Teaching music lessons is a great way to earn a little side money, or even make a full-time living. It can provide flexibility, good pay, and a way to pursue your passion for music on a daily basis. But before you get started, you need to consider a number of things; the first of which is your pay rate.
How much to charge for music lessons? When teaching beginner music lessons, you should plan to charge between $15 and $30 per 30-minute lesson. Meanwhile, for intermediate and advanced level students, you can charge between $30 and $75 per lesson.
Your rate should depend on a variety of factors, starting with your musical expertise, and experience as a music instructor. In other words, the more you know, and the more experience you have, the more you can charge.
But to be honest, that is just the tip of the iceberg.
If you are looking to become a music instructor, here are a few other other important considerations you should take into account.
Location Of The Lessons
When determining how much to charge for music lessons, location should play a major role. And there are two aspects of location you need to assess.
First of all, you need to decide where your music lessons will take place. Will you be driving to each student’s house and teaching them on their home turf? Or, will they come to you? If you decide to drive, be sure to account for gas, wear and tear on your car, and the time it takes you to drive there and back.
You shouldn’t be charging the same rate for students that live down the street, and students that live across town. As your travel expenses go up, so should theirs.
Also, if you will be teaching from a neutral location–such as a music store–you need to factor in any rent or expenses that come along with that.
Secondly, you need to consider geography. Pay rates for music lessons can vary drastically based on where you live. For instance, a music teacher in rural Nebraska probably can’t charge as much as a music teacher in Manhattan.
Though, location and price can get much more specific. Even teaching lessons from one county to the next can change your price. So, will you be teaching in an area of the country with a low cost-of-living, and therefore need to charge a little less? Or, will you be teaching in a highly-populated, urban area where high price tags are the norm?
Location is a crucial element to consider when setting your rate for music lessons, so don’t overlook it.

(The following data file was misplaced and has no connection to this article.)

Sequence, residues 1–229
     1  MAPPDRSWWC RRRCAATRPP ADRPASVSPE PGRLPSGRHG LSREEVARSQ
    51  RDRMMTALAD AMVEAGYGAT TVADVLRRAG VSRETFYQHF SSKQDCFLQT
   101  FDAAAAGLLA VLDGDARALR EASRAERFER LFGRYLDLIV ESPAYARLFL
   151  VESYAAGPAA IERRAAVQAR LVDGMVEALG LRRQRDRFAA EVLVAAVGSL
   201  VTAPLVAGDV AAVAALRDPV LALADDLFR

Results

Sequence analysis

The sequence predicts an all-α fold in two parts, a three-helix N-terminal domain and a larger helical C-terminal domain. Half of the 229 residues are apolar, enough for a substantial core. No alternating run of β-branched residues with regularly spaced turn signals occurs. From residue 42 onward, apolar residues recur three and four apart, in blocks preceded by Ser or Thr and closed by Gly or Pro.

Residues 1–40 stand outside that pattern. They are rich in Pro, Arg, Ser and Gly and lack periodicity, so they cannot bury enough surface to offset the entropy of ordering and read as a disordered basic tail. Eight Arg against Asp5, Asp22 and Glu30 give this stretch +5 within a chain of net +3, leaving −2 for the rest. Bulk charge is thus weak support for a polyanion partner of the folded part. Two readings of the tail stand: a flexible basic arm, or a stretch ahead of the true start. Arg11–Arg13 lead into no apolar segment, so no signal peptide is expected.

Researching Your Competition
Part of your quest to determine how much to charge for music lessons should be researching your competition. No matter what venture you step into, it’s always a good idea to know what you’re up against.
Plus, when you are just starting out, it is beneficial to assess what other music instructors are offering, and how you will differentiate yourself. For example, how much do they charge? How many instruments do they teach? What are their credentials? Do they teach young students, or adults? Do they bring added value, beyond normal music lesson to their students?
Knowing your competition is key to your success.
Though, there is one thing I would like to add. You should not base your rate solely on the rate of your competition. In other words, just because a competitor charges a certain amount, doesn’t mean you should. Some music teachers under-price themselves, while others are overpriced.
Your goal in researching your competition, is to learn what others are doing, figure out how you can be better, and in turn, determine the proper price for your lessons.
Materials And Other Expenses
If you’re going to teach music lessons, your students are going to need some sheet music. And if you plan to teach music theory, your students will probably need some work books.
If you plan to provide any of these kinds of materials, you need to charge for them. Materials and other expenses should not just come with your hourly rate; they should be above and beyond the cost of your lessons.
Now, whether or not you choose to put a markup on the materials you provide, is up to you.
Your Teaching Ability
When you are trying to figure out how much to charge for music lessons, you need to assess your expertise in both music and teaching.
Because when you are selling your service to a potential student, they are going to be assessing your ability to teach music, not just your ability to play music. So, what expertise do you bring to the table?
Are you extremely patient with students that struggle to grasp musical concepts? Do you teach in a way that brings the notes on a piece of sheet music alive for your students?